Once the facilities are up and running, states that collect the water would ultimately decide what to do with it. Should they themselves face a drought, naturally, their own concerns would be priority. But, if states, wanting to obtain additional revenue and add to their budgets, sold the water to states that needed it, then you'd have a ready source, at least in years like this. Texas and it fellow drought-sufferers might find some temporary relief, and states like Minnesota would get a boost to their budgets that would allow facilties that might be in jeopardy to continue functioning as normal.

The benefits of such a project would be innumberable. You have economic stimulus via the need for a workforce to construct all sides of the projects, from the water collections at the river banks, to the water towers, to the administrators delegating the use of the water. The stimulus also flows to the towns closest to the construction projects. Workers need to be fed, housed, be provided equipment, etc. Mandate that all companies involved must be US-based, and you have thousands upon thousands of jobs and domestic product handed in a neat package to the government. Benefits would also extend to the towns along the river banks due to few floods destroying property and putting people out of their businesses. People in those towns can also get a ration of the water, so that they have a first priority status if the river doesn't undergo its usual flow in the spring and summer.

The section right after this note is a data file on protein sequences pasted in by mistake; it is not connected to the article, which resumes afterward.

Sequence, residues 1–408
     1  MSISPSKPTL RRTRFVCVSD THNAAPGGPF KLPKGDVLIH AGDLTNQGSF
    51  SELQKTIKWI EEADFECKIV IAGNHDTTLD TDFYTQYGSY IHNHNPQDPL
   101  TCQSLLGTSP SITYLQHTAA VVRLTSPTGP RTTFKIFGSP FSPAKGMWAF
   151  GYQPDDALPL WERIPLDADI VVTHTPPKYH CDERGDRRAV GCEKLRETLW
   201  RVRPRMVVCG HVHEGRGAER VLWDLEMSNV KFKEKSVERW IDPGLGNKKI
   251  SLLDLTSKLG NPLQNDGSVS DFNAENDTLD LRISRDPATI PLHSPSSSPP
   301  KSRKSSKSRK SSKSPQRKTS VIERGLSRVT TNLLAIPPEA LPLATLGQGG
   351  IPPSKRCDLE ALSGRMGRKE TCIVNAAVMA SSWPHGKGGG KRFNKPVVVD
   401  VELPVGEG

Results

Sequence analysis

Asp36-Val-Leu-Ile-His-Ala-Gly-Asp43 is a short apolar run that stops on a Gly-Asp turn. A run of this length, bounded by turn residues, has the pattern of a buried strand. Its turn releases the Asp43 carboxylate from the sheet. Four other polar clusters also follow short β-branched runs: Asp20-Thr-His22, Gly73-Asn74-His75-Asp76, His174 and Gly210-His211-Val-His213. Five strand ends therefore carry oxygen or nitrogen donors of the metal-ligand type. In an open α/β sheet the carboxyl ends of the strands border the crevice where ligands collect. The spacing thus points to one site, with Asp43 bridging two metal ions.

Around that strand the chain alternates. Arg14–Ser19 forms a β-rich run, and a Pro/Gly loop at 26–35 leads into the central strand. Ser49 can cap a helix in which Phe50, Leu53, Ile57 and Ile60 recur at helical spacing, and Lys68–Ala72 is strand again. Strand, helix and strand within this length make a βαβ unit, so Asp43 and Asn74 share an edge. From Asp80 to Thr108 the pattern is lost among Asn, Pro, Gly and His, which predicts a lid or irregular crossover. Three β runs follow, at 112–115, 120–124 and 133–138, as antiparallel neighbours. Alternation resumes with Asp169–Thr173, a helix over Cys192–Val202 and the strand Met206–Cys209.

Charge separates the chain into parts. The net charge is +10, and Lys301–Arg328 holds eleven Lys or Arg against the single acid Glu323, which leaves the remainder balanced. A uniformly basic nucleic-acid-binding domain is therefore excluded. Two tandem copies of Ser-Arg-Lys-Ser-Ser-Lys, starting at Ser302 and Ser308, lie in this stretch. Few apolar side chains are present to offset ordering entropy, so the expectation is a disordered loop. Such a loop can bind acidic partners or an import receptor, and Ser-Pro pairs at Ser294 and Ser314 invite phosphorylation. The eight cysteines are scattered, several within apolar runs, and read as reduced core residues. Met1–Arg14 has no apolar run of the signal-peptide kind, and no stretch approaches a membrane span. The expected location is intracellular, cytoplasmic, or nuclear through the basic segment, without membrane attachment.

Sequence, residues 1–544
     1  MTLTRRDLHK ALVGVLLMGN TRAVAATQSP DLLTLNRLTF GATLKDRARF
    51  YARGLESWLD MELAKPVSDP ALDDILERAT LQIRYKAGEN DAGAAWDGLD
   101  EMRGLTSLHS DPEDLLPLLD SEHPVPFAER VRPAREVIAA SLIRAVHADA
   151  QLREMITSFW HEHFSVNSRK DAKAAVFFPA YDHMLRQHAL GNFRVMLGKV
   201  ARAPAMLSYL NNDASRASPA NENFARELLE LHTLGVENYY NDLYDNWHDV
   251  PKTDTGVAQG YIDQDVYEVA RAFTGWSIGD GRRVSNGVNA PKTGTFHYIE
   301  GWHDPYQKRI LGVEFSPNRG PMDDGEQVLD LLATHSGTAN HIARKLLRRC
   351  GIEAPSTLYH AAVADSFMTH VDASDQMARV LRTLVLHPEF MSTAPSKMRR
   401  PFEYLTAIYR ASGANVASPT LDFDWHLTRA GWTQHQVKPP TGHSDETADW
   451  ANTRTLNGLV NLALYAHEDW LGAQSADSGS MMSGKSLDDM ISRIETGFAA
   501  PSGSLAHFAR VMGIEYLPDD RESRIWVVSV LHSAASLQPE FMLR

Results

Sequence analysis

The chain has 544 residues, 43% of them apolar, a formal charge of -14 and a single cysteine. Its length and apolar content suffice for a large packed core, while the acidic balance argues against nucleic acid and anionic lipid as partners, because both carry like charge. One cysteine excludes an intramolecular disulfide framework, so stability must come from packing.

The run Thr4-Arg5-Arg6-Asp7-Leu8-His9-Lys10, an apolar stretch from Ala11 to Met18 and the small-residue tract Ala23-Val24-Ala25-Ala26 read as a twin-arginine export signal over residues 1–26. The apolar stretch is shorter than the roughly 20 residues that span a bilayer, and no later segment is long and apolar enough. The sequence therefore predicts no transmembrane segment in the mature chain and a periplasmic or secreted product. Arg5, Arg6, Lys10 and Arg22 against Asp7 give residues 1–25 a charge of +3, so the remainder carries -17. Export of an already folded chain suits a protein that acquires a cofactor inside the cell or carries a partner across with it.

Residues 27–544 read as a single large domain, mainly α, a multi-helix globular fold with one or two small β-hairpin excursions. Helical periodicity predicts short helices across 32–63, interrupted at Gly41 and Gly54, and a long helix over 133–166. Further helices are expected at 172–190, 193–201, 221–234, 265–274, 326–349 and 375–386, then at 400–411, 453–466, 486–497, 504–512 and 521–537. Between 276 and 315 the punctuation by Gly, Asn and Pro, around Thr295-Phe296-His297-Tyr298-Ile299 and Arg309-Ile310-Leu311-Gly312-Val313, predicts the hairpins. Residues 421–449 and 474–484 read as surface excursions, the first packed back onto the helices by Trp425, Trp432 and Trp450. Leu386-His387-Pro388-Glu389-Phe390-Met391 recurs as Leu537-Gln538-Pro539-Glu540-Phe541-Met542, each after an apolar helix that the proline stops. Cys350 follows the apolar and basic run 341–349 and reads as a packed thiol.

Environmentally, the spread of contaminants is limited as well. Flooding gets into trash disposal locations, nuclear waste, chemical storage facilities and other locations where the damage can wreak havoc with both people and the natural surroundings. The plan also employs water that is already available, and not drained from a reservoir or natural aquifer. The natural flora and fauna is left undisturbed by flooding. While the construction would provide a temporary issue, once the project is complete, the benefits would outweigh the temporary problem. Also, as I said earlier, no wildlife refuges would be allowed to be bothered in the project.

So...that's my idea. I can hardly believe that I'd be the only one to think of such a plan, and far greater minds than mine could probably run circles around that solution, but I think, if people were to get talking about it, it might at least be a start.

Sunday, July 17, 2011

Book Review: Thirteen Years Later by Jasper Kent

Well, it's been a little while since my last review, and it seems equally apropos that it's also of another novel by Jasper Kent, a continuation of his original Twelve, titled simply as Thirteen Years Later. I like Kent's style, his grasp of unadulterated, dark periods of the past that most of us in the good old US of A have a tendency to brush aside, and the moving, harsh prose that he chooses to construct his tale of terror. I hope we see more of his work in the future, as I think it would be something the dark fantasy world desperately needs and from which it would benefit.